New addition to Brooklyn arena

December 17, 2012 Editorial Staff
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The flagpole that once belonged to Ebbets Field, home to the Brooklyn Dodgers, now stands permanently in front of the newly developed sports and entertainment arena, Barclays Center.

At a ceremony that took place on December 11, the pole was unveiled in presence of Brooklyn Borough President Marty Markowitz, Barclays developer Bruce Ratner, daughter of the legendary Jackie Robinson Sharon Robinson, and Jerry Stackhouse, a player for the Brooklyn Nets.

“We are proud that such historic symbol of Ebbets Field will now stand permanently outside of Barclays Center,” said Ratner, “to connect the borough’s great sports past to its present.”

Robinson shared memories of her father saying that “this is a proud day for us,” adding that the monument will bring the community together. Along with her nieces, Robinson took pictures with the plaque, located at the bottom of the pole, which was also presented during the commemorative ceremony.

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Stackhouse, who wears Jackie Robinson’s No. 42 on his uniform, spoke of the contributions Robinson provided as an African American athlete saying that he feels “ecstatic” to be a part of the occasion and that he “wears the number 42 with tremendous honor.”

Brooklyn Nets CEO Brett Yormark said the flagpole is a symbol of what the Brooklyn Dodgers meant, symbolizing the memory of what Robinson meant to Brooklyn. “It defines the rough and charming of this borough,” and “we will be forever connected to Ebbets Field,” he said.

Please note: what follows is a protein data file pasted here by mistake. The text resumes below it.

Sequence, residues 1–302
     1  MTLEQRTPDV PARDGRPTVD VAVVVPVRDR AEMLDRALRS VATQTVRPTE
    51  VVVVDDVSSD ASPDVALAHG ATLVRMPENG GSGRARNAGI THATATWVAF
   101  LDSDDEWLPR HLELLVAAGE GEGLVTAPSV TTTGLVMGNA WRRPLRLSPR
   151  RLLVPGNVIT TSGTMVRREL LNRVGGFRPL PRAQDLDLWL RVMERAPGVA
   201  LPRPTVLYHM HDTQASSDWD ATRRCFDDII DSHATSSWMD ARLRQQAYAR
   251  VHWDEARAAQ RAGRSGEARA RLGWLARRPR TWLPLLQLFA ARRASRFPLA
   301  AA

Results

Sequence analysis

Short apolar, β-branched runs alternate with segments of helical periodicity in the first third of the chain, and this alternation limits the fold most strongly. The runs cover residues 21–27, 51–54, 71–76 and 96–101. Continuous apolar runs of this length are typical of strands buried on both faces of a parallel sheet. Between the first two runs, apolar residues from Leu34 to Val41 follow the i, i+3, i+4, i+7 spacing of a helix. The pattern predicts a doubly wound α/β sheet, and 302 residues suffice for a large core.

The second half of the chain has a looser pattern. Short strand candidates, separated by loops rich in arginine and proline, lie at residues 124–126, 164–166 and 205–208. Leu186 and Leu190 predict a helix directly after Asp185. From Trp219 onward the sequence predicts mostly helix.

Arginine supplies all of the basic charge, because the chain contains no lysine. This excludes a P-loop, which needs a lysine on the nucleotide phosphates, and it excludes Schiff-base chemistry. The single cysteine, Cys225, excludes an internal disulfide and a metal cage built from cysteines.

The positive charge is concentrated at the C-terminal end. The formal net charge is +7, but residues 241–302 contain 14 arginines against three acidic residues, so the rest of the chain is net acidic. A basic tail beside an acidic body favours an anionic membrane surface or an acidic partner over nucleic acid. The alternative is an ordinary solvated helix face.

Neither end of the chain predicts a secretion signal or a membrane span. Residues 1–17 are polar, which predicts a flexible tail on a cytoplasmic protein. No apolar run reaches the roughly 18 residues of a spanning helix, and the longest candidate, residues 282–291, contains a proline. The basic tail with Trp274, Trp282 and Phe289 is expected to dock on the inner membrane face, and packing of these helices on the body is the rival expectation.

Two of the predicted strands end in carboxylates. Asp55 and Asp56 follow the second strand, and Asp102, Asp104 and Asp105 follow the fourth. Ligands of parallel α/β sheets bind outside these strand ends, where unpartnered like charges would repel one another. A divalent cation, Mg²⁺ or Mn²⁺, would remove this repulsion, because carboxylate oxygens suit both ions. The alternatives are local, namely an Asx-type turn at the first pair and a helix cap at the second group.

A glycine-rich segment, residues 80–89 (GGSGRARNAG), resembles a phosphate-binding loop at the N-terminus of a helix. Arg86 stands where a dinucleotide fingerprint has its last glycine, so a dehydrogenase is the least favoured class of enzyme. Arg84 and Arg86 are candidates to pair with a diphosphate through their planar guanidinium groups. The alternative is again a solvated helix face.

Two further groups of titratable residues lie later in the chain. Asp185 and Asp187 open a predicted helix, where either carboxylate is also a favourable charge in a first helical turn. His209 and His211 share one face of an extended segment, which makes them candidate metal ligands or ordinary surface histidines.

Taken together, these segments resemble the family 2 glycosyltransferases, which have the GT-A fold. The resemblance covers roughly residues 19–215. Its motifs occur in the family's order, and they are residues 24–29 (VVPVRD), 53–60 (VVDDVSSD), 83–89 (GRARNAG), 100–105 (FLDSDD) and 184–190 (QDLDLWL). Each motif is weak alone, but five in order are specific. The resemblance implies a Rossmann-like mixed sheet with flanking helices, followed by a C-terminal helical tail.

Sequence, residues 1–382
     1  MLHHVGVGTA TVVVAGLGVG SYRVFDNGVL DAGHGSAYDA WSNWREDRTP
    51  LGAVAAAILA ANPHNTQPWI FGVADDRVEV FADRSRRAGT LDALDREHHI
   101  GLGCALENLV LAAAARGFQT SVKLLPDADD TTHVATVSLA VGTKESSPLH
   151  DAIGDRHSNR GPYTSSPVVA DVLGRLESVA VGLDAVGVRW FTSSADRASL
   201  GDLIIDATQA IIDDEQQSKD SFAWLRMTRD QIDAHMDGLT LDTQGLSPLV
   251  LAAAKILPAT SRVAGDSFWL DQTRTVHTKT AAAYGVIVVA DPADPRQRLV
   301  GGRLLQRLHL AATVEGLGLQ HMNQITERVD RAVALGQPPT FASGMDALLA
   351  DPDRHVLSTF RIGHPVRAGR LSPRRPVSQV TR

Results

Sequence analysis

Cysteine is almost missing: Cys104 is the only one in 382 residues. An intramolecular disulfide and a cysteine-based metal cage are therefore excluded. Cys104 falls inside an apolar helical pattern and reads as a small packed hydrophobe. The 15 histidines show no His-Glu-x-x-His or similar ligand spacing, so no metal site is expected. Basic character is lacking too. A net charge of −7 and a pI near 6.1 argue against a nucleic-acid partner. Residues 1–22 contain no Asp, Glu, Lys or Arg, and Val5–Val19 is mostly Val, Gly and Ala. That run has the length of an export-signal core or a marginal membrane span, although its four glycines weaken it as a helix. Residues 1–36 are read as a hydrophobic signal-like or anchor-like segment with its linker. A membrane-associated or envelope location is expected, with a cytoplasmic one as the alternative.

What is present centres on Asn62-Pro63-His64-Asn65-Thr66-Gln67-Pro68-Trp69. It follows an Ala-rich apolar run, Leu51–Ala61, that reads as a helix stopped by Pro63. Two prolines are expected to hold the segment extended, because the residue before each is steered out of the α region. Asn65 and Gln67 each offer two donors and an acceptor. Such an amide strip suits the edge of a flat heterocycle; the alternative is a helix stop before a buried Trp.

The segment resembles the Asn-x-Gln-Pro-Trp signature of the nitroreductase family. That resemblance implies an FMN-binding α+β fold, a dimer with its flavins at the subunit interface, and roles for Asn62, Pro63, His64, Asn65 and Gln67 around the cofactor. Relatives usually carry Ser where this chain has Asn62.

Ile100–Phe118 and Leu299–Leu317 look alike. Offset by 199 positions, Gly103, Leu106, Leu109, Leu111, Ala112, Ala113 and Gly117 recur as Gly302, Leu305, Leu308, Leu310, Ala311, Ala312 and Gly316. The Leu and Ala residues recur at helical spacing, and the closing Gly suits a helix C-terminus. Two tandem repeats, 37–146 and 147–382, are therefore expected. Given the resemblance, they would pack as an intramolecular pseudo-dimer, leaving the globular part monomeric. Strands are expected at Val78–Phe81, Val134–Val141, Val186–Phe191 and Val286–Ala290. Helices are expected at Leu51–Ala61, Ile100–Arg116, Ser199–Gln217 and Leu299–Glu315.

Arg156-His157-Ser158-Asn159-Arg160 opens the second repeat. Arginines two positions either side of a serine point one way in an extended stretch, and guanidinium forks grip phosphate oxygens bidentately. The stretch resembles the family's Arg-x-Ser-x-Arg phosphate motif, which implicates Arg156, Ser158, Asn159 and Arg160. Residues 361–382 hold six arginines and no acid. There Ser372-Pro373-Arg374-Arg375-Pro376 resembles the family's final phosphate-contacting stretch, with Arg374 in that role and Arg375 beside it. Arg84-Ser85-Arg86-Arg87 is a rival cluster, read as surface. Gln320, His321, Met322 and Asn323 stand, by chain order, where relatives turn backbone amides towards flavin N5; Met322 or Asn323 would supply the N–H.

Ebbets Field was demolished for housing in 1960, three years after the Dodgers abandoned Brooklyn for Los Angeles, and the flagpole was donated to a Veterans of Foreign Wars post on Utica Avenue. It stood on that site until Ratner secured the historic flagpole in 2007, with the goal of positioning it at Barclays. Markowitz had alerted Ratner of the availability of the flagpole.

“Bravo to the Brooklyn Nets and to Bruce Ratner for this fitting tribute to our beloved ‘bum’ of yesteryear — the Brooklyn Dodger,” he exclaimed. “this Ebbets Field flagpole and Brooklyn Nets are a ‘home run’ and a ‘slam dunk,’ marking the transition from one great tradition of major league sports in Brooklyn to another.”

The American flag and the Brooklyn Nets flag were raised at the 4 o’clock ceremony, with the help of Stackhouse.

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